Each of us is a star!

We explore the Cosmos because we are made of star dust

We explore the Cosmos because we are made of star dust. Humans observe the sky since antiquity, admire the stars, the Sun and the Moon, and want to explore heavenly bodies such as planets and constellations. Thus the sky observations from ancient times gave many results, advancing science and civilization.
Many laws of physics help us understand nature, to explain and even predict natural phenomena; others, on which current civilization and technological applications are based, have started with astronomical observations. As Plato said, we become humans as we watch the sky and try to understand what these celestial bodies are.

We observe the sky day and night, we hear about space missions and new explorations of our universe. But why are we so interested in them? Sky observations were vital for humans in ancient times, as they are today. Humans have gained a lot by observing the Universe, the stars, planet trajectories, the stars' position, color, the Sun and the Moon. From prehistorical times, astronomy was necessary for agriculture, traveling, navigation, for predicting the climate, and at the same time it gave new insights into the interpretation of nature. Astronomy gave humans a unique opportunity to understand the world in terms of Nature and not of gods and superstitions. Such good examples are the Cosmological theories that explain how the world was formed and what is its future.

Over the last two centuries, the exploration of our Cosmos became more and more interesting due to the advancement of technology. Advanced telescopes have been constructed; numerous space missions were conducted; more and more young people are working in attractive scientific projects at universities and research centers. But why do we still explore our Universe? Why do we want to make everything clear and explain all the processes that take place in terms of physics, mathematics and biology? Because everything is made of star dust; we are made of star dust. In other words, we want to know ourselves better, we want to explore ourselves. Thus, many new professions in astrophysics such as data analysts, computer programmers, engineers specializing in modern technology materials etc., have emerged.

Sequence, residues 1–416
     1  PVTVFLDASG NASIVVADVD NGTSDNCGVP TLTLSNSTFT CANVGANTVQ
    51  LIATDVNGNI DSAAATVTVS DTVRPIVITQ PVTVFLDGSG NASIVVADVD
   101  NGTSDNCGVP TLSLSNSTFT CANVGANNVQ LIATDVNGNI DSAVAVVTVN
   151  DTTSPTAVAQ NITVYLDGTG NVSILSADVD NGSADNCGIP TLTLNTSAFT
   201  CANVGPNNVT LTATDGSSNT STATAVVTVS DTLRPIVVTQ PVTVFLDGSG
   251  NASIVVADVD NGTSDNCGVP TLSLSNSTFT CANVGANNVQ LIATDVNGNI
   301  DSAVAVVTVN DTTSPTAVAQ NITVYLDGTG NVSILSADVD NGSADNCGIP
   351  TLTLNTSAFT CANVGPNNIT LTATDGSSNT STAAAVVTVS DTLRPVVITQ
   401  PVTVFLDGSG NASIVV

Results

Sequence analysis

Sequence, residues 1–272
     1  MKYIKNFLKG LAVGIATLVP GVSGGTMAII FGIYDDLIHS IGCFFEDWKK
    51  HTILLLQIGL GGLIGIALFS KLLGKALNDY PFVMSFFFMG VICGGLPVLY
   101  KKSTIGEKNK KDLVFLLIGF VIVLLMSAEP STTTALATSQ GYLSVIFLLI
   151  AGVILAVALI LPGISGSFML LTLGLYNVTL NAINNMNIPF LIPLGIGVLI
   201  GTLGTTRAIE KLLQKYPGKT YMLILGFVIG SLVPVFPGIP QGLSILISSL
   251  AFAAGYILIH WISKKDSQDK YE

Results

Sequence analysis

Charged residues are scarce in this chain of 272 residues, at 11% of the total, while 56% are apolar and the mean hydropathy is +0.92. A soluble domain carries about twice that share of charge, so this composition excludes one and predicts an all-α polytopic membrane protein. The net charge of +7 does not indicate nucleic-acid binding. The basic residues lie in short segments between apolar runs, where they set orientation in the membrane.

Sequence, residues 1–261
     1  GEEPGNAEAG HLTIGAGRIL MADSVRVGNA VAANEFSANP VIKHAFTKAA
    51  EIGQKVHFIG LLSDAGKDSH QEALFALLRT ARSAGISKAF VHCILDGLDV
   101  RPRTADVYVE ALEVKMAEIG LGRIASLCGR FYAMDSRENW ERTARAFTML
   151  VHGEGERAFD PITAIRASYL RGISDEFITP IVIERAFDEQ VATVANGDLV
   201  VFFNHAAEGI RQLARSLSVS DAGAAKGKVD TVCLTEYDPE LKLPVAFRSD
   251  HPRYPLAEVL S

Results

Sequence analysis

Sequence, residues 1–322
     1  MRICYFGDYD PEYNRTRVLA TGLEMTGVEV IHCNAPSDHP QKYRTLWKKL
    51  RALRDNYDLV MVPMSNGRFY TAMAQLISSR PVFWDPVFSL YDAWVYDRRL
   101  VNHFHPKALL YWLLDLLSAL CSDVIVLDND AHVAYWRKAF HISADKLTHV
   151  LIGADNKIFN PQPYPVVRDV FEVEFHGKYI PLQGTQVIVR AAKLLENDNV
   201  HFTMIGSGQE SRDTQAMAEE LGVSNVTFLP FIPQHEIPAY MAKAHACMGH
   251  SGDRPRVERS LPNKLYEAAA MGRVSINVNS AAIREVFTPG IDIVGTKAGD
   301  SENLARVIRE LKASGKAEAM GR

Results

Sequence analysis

The course will start with classical notions learned in high schools, and then will dig deeper into our views about the Cosmos, our Solar System, the planets, satellites, comets and asteroids. After this, we will get a glimpse of the technology behind astronomy and astrophysics: what are the methods and means to discover the universe? How has technology contributed to the construction of telescopes, spacecrafts and to the development of space travel? What are we expecting from space missions? We will also focus on the methodology of the science of astronomy: Why is astronomy the oldest of the natural sciences, dating back to antiquity? For what reasons was astronomy very popular in ancient Greece? Which is the difference between astronomy and astrophysics? Why is the Cosmos comprehensible? Why do we need the Sun to live? How important is the Greenhouse effect and the phenomenon of Climate change on the Earth in comparison to other planets of the Solar System? Young women and men, future scientists, and above all citizens, should keep all these important questions in mind while approaching astronomy and astrophysics both as a field of study and as future work fulfillment.

Want to discover more about this all? Come and join our interactive astronomy course, with STEM for YOUTH!